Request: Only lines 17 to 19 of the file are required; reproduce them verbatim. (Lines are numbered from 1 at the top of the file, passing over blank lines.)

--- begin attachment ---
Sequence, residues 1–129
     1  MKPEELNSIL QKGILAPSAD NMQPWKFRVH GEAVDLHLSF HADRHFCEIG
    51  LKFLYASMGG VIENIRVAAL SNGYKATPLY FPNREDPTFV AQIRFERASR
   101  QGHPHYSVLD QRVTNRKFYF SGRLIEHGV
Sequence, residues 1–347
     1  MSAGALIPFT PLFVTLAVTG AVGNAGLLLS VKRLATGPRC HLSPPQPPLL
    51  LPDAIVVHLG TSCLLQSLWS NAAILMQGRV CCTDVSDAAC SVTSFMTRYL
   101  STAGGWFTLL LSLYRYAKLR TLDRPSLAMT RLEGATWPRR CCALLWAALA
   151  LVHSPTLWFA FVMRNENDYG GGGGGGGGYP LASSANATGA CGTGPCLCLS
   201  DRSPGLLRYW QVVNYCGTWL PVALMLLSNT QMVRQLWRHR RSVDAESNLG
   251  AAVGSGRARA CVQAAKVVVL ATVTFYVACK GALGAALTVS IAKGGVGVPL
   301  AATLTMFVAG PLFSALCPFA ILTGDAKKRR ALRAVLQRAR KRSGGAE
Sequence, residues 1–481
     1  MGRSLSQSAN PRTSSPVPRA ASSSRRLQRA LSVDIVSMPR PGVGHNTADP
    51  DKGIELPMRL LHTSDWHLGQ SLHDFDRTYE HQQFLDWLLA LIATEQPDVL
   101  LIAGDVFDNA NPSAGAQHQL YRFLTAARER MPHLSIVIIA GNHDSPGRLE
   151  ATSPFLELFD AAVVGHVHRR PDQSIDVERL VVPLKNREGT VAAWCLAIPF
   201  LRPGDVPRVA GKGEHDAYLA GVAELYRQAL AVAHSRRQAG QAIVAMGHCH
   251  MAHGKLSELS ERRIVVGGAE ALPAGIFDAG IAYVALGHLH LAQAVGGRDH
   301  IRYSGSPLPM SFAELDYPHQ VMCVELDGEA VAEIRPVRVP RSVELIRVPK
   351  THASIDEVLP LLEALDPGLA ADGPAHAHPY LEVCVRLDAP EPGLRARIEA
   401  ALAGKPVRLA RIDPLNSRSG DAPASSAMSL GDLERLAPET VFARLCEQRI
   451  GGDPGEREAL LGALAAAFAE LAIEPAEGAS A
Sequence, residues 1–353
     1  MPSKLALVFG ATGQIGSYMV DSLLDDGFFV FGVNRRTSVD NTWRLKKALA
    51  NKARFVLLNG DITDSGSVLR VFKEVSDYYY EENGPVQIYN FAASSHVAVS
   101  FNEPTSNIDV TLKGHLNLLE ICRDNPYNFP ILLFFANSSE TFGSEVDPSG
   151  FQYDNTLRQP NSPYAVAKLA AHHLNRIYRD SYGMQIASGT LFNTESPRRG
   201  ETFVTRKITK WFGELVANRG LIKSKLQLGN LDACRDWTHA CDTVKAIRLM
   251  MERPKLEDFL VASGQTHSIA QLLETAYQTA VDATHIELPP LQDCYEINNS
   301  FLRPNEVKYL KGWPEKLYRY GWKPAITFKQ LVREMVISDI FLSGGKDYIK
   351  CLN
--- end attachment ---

   151  ATSPFLELFD AAVVGHVHRR PDQSIDVERL VVPLKNREGT VAAWCLAIPF
   201  LRPGDVPRVA GKGEHDAYLA GVAELYRQAL AVAHSRRQAG QAIVAMGHCH
   251  MAHGKLSELS ERRIVVGGAE ALPAGIFDAG IAYVALGHLH LAQAVGGRDH